By David Hargreaves
ANZ NZ doesn't look as though it is going to have too many problems selling its UDC Finance arm, even though the bank's remaining coy about the prospect of a sale.
A spokesperson for ANZ NZ said yesterday that as part of ANZ’s strategy to review our focus on where it allocates capital and resources, "we explore various strategic options from time to time, although this does not mean they will be sold".
"However it remains very preliminary and no decisions have been made. It’s business as usual for UDC staff, customers and investors. If ANZ was to make a decision regarding a potential sale of UDC Finance, we would inform staff, customers and investors immediately."
The Australian Financial Review reported earlier this week that ANZ has had investment bank Deutsche Bank testing interest in the unit, introducing the business to private equity and other potential buyers in recent weeks.
If UDC is sold this will be a continuation of the enormous shake-up going on in the finance company sector in the past 12 months.
New Zealand's biggest consumer finance company, GE Money, was sold earlier last year as part of a massive deal valued at A$8.2 billion to a consortium comprising of global investors Värde Partners, private equity group KKR, and Deutsche Bank.
Then the Australian financial services company Flexigroup bought Fisher & Paykel Finance late last year.
Just as an early guide, if UDC were to be sold on a similar kind of valuation basis to F&P - which was 9.9x cash earnings before any merger synergies, then the price would likely be at least $600 million or so, though early market estimates have suggested as much as $700 million.
And while the ANZ is being non-commital about a sale prospect, offloading UDC would certainly fit with its recent strategy in the light of the sale of its Esanda car dealer finance business to Macquarie Group last year. Early last year when stories of the planned sale of the Esanda assets emerged ANZ NZ at that stage said it had no plans to follow suit with UDC Finance. Clearly that has changed.
Private equity groups have quickly emerged as market favourites to be successful bidders, but Heartland Bank has been quick to raise it's hand as a potential buyer and even TSB Bank's reportedly not ruling out having a go. It's also been speculated that the ANZ could even float off UDC on the stock market.
The emergence of Heartland, a fairly similar-sized business, is interesting
What are the various potential bidders looking at buying?
UDC's been around since 1937 and boasts a strong AA- credit rating - but that does of course reflect the support of ANZ. Depending on who bought the business its rating would likely drop, which potentially would have an impact on profitability.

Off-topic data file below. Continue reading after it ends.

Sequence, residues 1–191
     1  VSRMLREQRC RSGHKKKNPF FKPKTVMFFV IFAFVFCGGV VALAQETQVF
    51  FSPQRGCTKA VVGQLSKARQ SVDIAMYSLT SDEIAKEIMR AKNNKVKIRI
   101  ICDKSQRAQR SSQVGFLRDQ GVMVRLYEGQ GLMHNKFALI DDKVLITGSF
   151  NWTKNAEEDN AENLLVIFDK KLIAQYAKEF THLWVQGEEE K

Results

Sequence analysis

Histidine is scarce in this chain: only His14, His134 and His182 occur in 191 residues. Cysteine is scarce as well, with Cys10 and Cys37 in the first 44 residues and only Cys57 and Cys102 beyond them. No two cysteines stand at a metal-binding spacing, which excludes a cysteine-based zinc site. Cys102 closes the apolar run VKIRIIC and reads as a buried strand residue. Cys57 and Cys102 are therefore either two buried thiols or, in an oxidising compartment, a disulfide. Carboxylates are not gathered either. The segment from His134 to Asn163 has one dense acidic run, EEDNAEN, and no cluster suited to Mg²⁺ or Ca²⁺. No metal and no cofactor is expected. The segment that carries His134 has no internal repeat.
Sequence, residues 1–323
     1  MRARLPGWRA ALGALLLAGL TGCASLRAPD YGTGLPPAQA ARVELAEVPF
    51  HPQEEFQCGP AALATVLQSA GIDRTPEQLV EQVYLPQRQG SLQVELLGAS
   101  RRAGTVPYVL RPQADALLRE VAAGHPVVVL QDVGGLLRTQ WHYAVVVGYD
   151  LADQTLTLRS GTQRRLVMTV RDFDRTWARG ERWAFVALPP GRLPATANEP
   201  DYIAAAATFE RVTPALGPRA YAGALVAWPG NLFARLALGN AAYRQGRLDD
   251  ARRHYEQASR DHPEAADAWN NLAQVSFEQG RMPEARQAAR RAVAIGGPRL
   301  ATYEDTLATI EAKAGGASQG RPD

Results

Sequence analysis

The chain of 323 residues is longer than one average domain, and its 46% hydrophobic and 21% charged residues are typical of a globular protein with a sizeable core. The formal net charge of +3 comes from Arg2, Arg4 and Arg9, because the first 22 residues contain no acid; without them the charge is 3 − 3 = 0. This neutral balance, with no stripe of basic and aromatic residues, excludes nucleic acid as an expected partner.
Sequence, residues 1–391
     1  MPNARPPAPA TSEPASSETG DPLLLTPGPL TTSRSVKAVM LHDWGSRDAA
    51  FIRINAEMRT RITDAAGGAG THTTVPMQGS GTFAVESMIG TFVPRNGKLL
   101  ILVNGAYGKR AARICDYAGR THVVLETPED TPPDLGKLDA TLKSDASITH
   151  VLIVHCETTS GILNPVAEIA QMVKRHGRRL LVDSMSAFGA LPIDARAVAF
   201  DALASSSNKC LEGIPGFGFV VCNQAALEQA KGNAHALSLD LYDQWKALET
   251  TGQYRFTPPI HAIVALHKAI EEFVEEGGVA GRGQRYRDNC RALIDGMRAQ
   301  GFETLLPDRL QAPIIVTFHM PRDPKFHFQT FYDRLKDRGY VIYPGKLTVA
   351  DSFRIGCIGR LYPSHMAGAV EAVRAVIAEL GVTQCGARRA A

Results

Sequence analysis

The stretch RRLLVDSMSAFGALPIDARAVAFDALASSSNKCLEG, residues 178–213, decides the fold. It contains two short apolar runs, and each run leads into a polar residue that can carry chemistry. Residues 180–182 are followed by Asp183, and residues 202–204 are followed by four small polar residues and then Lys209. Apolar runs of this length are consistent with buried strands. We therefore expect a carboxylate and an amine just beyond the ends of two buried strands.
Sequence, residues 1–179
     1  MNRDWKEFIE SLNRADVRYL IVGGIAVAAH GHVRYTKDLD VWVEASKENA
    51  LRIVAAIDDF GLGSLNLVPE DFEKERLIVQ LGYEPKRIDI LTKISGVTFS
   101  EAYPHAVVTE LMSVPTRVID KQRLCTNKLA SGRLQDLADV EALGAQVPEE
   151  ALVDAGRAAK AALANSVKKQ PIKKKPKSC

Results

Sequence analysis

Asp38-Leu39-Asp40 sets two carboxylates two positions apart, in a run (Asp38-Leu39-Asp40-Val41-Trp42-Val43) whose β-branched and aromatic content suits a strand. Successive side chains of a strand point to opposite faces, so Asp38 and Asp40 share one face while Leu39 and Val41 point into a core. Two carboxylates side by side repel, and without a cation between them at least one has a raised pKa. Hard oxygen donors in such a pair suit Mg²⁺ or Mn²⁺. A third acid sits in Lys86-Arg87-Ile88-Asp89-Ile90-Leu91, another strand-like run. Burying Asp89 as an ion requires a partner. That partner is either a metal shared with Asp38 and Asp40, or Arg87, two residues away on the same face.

In UDC's own words: "Our main expertise is in providing asset-based finance to New Zealand businesses for purchasing plant, vehicles and equipment, helping them to grow and prosper. We do not rely on land or buildings as security, and we steer well clear of speculative property developments."
As reported by interest.co.nz's Gareth Vaughan at the time UDC's September year results featured record annual net profit after tax of $57.05 million, up $5.5 million, or 10.7% year-on-year from the company's previous record annual profit.
The annual results showed operating income up 6.3% to just over $122 million and operating expenses up 3.1% to $32.3 million. Net interest income rose 5.4% to $116.24 million, and UDC's credit impairment charge fell 11.1% to $10.4 million.
UDC's total provision for credit impairment was almost 1% lower at September 30 from a year earlier at $31.5 million. Gross lending rose almost $89 million year-on-year, or 3.7%, to $2.517 billion. UDC's assets over 90 days past due were 23% higher at $6.4 million, and its net individually impaired assets were almost 5% higher at $9.2 million.
UDC said at the time that the new financial year to date - October and November, had continued strongly with more than $100 million of new lending per month over recent months. Key growth areas were motor vehicles, construction and road freight.
On the funding side UDC's debenture book grew a shade under $167 million in the September year, or 10.6%, to $1.736 billion. The company said the reinvestment rate was over 60%, similar to the previous year. UDC also has an $800 million credit facility from ANZ, which was $280 million drawn down at September 30, down from $395 million a year earlier.
The company's regulatory capital ratio was unchanged year-on-year at September 30 at 16.2% versus the 8% required minimum.
For the September year UDC paid ANZ an ordinary dividend of $33 million, or 63 cents per share, up almost a third from $25 million, or 48 cents a share, last year.